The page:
The genus Iris of flowering plants—named after the Greek rainbow goddess because of the variation in flower color—comprises over 300 species across the northern hemisphere, some of which are Vulnerable or (Critically) Endangered on the IUCN Red List of Threatened Species. Due to the poor fossil record, it is not yet known when irises first originated, but scientists believe the genus is only a few million years old, having its closest living relatives in today’s southern Africa.
“We wanted to study the factors influencing and maintaining the outstanding evolutionary divergence in irises, a young but very diverse group. We were especially interested in the evolution of flower color and morphology, because these are key traits for pollinator attraction,” says Dr. Yuval Sapir from the School of Plant Sciences of Tel Aviv University, Israel, corresponding author of a new study in the open-access journal Frontiers in Plant Science.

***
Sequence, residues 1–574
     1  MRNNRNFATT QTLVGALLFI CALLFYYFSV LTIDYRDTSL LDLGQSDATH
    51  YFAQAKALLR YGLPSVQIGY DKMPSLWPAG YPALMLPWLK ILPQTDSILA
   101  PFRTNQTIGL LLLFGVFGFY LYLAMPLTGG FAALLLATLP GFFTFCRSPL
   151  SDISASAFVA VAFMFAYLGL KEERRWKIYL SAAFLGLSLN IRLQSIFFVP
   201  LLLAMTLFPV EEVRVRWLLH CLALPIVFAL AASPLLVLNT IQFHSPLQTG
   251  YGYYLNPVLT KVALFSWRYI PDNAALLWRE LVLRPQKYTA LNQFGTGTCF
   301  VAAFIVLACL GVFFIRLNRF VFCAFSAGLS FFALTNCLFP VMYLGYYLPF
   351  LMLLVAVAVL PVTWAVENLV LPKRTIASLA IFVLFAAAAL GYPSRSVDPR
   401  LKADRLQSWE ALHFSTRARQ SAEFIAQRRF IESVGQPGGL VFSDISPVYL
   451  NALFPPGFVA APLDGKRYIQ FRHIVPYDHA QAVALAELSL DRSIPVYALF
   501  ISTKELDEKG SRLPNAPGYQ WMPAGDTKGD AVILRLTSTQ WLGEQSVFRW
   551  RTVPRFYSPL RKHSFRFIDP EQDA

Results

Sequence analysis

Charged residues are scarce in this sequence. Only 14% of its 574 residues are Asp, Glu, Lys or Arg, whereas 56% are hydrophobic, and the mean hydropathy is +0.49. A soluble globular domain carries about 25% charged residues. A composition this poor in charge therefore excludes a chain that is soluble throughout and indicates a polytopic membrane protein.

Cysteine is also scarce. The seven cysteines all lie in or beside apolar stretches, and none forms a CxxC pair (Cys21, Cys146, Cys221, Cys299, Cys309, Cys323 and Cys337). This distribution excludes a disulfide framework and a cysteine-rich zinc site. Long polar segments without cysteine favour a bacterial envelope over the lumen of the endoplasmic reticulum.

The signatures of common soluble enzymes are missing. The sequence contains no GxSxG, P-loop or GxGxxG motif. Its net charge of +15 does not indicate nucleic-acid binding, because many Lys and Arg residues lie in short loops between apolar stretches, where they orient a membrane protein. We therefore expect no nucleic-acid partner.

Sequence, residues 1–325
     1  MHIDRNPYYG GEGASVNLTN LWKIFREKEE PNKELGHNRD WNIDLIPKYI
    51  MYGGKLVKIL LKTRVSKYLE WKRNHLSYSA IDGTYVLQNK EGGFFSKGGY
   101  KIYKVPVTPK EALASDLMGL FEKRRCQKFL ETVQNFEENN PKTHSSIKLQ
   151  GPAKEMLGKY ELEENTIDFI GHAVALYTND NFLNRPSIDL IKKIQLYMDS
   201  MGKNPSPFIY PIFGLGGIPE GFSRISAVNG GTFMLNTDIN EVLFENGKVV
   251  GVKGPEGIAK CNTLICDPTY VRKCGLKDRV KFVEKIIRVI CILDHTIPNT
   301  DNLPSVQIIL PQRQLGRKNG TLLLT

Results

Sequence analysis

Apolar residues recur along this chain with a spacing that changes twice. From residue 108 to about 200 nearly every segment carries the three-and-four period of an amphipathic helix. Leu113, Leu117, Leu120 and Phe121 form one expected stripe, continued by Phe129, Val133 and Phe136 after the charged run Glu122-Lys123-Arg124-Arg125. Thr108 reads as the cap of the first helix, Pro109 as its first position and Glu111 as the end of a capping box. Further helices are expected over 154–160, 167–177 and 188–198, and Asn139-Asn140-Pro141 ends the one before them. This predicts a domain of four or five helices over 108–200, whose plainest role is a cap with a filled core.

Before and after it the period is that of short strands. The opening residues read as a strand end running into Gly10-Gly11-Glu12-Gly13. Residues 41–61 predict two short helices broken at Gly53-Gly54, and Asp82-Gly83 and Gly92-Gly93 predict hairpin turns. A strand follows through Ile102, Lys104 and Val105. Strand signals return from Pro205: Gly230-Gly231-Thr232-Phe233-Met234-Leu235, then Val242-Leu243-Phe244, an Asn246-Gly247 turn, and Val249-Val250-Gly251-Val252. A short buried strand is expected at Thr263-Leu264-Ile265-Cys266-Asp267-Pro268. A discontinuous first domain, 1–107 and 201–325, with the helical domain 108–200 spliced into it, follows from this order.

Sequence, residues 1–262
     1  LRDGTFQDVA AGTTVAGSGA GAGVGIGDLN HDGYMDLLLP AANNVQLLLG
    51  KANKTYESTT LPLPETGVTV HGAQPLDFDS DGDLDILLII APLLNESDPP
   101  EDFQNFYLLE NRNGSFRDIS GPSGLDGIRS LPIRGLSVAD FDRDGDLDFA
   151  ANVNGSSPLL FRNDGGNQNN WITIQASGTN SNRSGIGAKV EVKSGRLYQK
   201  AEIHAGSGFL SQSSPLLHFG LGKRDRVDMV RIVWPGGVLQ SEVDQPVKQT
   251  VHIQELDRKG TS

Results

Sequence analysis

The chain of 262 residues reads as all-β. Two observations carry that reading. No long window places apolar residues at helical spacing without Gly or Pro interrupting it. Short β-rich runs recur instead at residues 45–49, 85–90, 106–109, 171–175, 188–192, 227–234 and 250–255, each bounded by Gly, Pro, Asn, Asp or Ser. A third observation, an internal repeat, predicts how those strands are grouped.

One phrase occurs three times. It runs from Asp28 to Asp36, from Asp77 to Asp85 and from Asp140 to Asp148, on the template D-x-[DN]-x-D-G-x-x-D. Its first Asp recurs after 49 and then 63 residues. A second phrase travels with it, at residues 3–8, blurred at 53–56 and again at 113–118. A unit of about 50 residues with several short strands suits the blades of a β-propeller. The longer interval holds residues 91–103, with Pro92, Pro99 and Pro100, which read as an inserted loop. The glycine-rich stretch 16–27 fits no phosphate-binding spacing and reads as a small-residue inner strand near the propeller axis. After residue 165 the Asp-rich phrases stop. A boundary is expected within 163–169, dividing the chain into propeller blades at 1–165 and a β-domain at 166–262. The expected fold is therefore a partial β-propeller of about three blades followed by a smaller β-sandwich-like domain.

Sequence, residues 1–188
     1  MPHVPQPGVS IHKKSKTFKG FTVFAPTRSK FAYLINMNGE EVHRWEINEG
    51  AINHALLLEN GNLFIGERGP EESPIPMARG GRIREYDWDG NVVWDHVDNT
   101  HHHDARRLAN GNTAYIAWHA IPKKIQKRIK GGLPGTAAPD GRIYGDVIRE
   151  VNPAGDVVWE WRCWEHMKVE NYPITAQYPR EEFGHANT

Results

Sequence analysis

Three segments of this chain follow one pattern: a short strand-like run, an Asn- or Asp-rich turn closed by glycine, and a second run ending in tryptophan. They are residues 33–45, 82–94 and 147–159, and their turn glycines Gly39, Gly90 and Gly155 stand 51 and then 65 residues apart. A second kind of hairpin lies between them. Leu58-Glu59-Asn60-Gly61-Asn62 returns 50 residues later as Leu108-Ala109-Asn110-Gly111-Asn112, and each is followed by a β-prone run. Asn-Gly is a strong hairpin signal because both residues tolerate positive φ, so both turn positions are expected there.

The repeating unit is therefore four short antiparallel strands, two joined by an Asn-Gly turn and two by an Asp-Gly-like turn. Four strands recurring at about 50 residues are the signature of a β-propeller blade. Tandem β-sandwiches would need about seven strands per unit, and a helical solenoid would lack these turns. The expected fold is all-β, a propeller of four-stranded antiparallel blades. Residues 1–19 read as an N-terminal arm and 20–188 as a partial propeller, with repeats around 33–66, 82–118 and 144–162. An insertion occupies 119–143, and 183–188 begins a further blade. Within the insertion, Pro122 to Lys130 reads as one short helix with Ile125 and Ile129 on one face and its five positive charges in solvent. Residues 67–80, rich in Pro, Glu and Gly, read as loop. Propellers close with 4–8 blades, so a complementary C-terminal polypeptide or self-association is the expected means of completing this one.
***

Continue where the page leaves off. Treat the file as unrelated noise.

Modern Iris species mostly live in (semi-)deserts or mountainous environments, although some specialize in moist or wet habitats. They are typically pollinated by insects, but a few species are visited by birds, and often capable of self-fertilization (“self-compatible”). Their flowers have three upright petals, the “standards”, and three hanging sepals, the “falls”. Standards and falls aren’t always the same color, and can be dark purple, violet, pink, yellow, or white. Their lower parts form a pollination tunnel that contains both the stamens and styles, whose entrance may be marked by a ridge or “crest”, part of the falls. Crests are thought to function as guides to lead potential pollinators to the